In early June, I traveled to Enbridge’s Shareholder meeting in Calgary, in Alberta Canada. Outside, laid off oil workers screamed, “Build that Pipe” over a bullhorn, and asked people to honk if they supported Canadian oil. Those tar sands workers will likely never have jobs in the industry again – economists, and even the oil fairy government of Alberta, are sobering up to the Boom Bust economy of energy projects. It’s the bust and there is no boom in sight. That’s the problem. It’s really a race to the bottom and to the end – that is to be the last tar sands pipeline. For the past four years Canada has been trying to run tar sands pipelines through the US, to the Coast, to anywhere, and it has not gone well. And it’s not going to, and here are the reasons why ...
CROWNPOINT — When recapping his six year journey to earn a bachelor's degree at Navajo Technical University, Darrick Lee called the experience a "privilege."
Graduates heard an inspiring speech by Winona LaDuke, an internationally renowned activist for the environment and for social justice.
LaDuke is Anishinaabe and executive director of Honor the Earth, an organization she co-founded with Amy Ray and Emily Salier of the music group, Indigo Girls.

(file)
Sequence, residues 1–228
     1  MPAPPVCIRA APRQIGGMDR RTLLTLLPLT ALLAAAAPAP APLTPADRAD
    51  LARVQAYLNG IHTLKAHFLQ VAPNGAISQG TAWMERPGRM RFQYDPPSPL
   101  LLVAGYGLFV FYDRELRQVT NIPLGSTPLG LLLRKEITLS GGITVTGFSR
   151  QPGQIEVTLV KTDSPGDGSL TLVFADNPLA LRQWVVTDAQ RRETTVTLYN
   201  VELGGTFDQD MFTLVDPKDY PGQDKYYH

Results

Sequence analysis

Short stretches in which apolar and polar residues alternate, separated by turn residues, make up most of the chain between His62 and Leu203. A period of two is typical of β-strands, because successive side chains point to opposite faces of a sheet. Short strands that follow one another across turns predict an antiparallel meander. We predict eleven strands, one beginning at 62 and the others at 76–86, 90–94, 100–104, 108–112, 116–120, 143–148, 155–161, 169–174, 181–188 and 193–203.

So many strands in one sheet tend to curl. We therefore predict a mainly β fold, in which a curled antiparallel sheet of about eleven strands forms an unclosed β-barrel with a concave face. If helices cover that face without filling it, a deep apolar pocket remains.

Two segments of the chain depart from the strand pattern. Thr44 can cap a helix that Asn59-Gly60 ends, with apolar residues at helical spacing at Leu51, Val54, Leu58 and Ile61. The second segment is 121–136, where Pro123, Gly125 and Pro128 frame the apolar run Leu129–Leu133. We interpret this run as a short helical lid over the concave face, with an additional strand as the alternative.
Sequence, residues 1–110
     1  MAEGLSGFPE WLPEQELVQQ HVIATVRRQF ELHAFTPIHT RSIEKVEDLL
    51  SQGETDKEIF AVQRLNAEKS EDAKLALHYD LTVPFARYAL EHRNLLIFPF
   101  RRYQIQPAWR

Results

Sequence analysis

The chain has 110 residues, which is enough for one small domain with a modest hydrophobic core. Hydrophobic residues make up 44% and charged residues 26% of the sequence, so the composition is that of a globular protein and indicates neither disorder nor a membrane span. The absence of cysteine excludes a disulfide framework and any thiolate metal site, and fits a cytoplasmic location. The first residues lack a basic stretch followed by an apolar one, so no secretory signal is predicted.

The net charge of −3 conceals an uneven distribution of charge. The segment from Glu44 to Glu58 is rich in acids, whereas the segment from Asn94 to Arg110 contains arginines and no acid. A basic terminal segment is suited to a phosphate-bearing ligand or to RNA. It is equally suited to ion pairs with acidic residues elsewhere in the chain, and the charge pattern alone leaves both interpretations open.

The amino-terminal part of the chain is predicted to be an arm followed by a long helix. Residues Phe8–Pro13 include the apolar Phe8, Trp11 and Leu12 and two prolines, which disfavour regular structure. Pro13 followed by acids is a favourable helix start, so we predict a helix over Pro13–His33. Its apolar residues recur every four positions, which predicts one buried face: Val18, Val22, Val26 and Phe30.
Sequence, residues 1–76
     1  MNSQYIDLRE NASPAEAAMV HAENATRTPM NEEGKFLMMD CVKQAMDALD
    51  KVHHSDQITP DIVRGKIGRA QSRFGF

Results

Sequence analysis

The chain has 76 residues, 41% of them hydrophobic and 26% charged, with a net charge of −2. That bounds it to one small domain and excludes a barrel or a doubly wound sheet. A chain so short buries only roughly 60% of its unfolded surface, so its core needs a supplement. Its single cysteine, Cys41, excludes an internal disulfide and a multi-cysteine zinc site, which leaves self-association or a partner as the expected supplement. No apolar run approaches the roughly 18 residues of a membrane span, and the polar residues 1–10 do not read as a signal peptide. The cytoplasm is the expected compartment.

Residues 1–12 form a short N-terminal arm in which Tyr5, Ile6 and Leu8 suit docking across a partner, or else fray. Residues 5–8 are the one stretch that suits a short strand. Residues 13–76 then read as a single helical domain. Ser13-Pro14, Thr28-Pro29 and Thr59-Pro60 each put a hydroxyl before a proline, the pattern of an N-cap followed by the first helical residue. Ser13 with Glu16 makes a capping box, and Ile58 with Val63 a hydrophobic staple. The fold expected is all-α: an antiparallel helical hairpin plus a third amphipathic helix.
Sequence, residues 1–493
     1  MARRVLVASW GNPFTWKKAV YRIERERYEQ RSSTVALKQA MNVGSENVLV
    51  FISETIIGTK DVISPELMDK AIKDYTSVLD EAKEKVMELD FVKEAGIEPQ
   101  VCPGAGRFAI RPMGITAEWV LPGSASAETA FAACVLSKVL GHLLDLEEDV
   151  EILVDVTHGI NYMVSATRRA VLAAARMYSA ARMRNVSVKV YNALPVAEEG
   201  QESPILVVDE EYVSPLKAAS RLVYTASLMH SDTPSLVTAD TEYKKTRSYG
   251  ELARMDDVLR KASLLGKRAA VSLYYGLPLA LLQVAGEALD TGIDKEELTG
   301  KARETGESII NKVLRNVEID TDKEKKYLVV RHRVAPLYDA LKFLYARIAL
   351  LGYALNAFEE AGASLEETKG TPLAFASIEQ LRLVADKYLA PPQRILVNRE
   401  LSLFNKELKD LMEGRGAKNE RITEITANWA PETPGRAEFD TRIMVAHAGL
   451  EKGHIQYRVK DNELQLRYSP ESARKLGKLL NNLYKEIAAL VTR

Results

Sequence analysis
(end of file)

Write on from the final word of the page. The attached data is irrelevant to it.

In her remarks, she reflected on the energy transition the Navajo Nation faces and how the graduates will take the lead in developing that change, including investment in solar and wind projects.
"No time like the present to rebuild your energy economy," she said.
She said now is the time to end the injustice done by energy developers to Native peoples, including using the land to produce energy for urban populations while nearby households remain without electricity.
"Your nation will be a leader in this. I see this and know this. We are all counting on you to do the right thing," LaDuke said.
Noel Lyn Smith covers the Navajo Nation for The Daily Times. She can be reached at 505-564-4636 or by email at firstname.lastname@example.org.
Famed Ojibwe chief leaves checkered legacy 150 years after assassination
Hole in the Day was one of the negotiators of the l867 treaty which created the White Earth Reservation, and most of his descendants came to live on this reservation. He was never allowed to live out his life in peace on White Earth, but was assassinated on the Gull River, near Crow Wing, in l868.
The Last Minnesota Indian Conflict: Through the hard work of Skip-in-the-Day and other Ojibwe Leaders and warriors, a Pine Point merchant, and other honest people this fraud was revealed. The Band received the correct payment and corrections in the dead and down pine policy were made. This ended the conflict at Round Lake, but not the conflicts coming at the White Earth Band of Ojibwe. For the next big manipulation came with trying to “Open up the Reservation.”